Major Redwood Action
Purisima Creek Redwoods Open Space Preserve about 30 miles south of San Francisco is one of the crown jewels of the Midpeninsula Regional Open Space District . The area's redwoods were almost completely logged in the late 19th- and early 20th Centuries, but redwoods can't be held down for long. Redwoods have the ability to sprout from stumps, root systems, or even their fallen brethren. While the redwoods at Purisima are undoubtedly impressive, they are only about 100 years old. These trees won't reach maturity until at least the 24th Century when they may grow to 300-feet-tall. People love redwoods, but it's often quite difficult to get a good view of an entire tree. However, this hike provides ample opportunity to enjoy great views of these titanic organisms.
The hike heads downhill from the trailhead on a short 0.3 mile spur trail to the beginnings of the North Ridge and Harkins Ridge Trails. Both trails end at the Higgins Canyon Road / Purisima Creek Road parking area at the junction of the Whittemore Gulch, Purisima Creek, and Walker Gulch drainages 1500' below. Harkins Ridge takes 3.0 miles to get to the other trailhead, and taking North Ridge before joining Whittemore Gulch Trails is 3.6 miles. However, Harkins Ridge has steep downhill portions that drop hundreds of feet punctuated by relatively flat stretches while Whittemore Gulch / North Ridge is a relatively mellow grade from top to bottom. There is also another 0.5 mile spur trail from the trailhead to the junction just north of the 0.3 mile spur.
Purisima Creek Redwoods is near the northern end of the Santa Cruz Mountains which run from Santa Cruz northward to just south of San Francisco. The mountains here take the form of a north-south spine at its highest point (along which Skyline Blvd. travels) with high ridges and deep drainages dropping off to the east and west. This park is on the west side of the mountains, and consequently enjoys the summer fog rolling in from the Pacific which can contribute as much as the equivalent of 10" of precipitation. These canyons and ridges also get pounded by rain in the winter so this park is best avoided then unless one is really into mud.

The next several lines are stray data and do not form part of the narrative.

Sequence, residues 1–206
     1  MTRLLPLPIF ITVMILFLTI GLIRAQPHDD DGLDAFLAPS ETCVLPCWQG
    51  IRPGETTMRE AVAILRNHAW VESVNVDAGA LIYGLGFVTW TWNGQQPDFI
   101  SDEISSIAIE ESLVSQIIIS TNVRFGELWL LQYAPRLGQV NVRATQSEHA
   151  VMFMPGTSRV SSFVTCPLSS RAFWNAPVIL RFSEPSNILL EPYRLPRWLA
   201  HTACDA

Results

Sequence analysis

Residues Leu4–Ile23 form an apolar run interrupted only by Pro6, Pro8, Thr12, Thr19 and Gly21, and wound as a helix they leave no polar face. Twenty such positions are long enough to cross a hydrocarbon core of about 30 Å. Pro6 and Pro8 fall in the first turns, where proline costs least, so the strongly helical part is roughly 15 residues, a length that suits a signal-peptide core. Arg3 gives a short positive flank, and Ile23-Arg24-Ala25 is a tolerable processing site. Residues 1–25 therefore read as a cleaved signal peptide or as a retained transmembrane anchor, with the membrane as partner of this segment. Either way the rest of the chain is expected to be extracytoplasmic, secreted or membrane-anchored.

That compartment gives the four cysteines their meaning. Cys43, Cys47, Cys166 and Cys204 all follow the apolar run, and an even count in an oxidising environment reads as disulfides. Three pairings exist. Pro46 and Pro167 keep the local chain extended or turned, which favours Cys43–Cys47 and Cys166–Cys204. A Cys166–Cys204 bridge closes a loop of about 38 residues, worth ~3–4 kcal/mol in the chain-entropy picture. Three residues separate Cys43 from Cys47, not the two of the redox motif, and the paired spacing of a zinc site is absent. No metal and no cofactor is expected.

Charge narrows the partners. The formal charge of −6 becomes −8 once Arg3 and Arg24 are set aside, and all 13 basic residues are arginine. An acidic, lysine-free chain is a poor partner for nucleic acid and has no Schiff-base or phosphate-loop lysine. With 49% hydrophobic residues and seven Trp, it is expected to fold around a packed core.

I went right onto Harkins Ridge (not knowing the respective grades of either route) to begin a steep descent. Harkins Ridge is a fire road that drops steeply over a route that features both steep and mellow stretches. 200 yards of steep descent followed by 100 yards of flat trail are the norm until it switchbacks to the east after about a mile. The flora here consists of a mosaic of Douglas fir, California bay, and tanoak interspersed with "soft" California coastal chaparral. This chaparral is referred to as "soft" because most of its indicator species lack spines or scratchy leaves. It still packs a punch, however, because poison oak is everywhere so stay on the trail.
Harkins Ridge enters the dense redwood forest of the Purisima Creek drainage after the switchback, but there are great redwood views for the next 0.5 mile as you can see entire trees. The trail makes a few switchbacks before reaching the deep redwood forest next to Purisima Creek. You may notice the Purisima Creek Trail on the other side of the creek that heads to another trailhead 2.5 miles south on Skyline Blvd. from your starting point. The last 0.5 mile follows the creek through the dark forest to a small bridge that leads to the lower parking area.
The Whittemore Gulch Trail heads northeast from the bridge and travels a few hundred feet above that creek gaining elevation the entire way. The trail crosses the creek after about a mile and continues up the north side of the drainage. This entire stretch goes through tall redwoods and Douglas firs that crowd out the sun, but wildflowers were very prominent in mid-August 2011 when I was here. Whittemore Gulch Trail switchbacks uphill to the north to the North Ridge Trail through soft chaparral and Douglas fir to a 3-way junction. Go right for 0.6 mile to reach the North Ridge Trail, go left for 0.1 mile to the North Ridge Trail then another 0.3 mile to meet the junction with the 0.6 mile route. There are some steep uphill stretches here, but the last mile back to the trailhead after the junction is pretty mellow.
Check out the Official Route and Triplogs.
WARNING! Hiking and outdoor related sports can be dangerous. Be responsible and prepare for the trip. Study the area you are entering and plan accordingly. Dress for the current and unexpected weather changes. Take plenty of water. Never go alone. Make an itinerary with your plan(s), route(s), destination(s) and expected return time. Give your itinerary to trusted family and/or friends.
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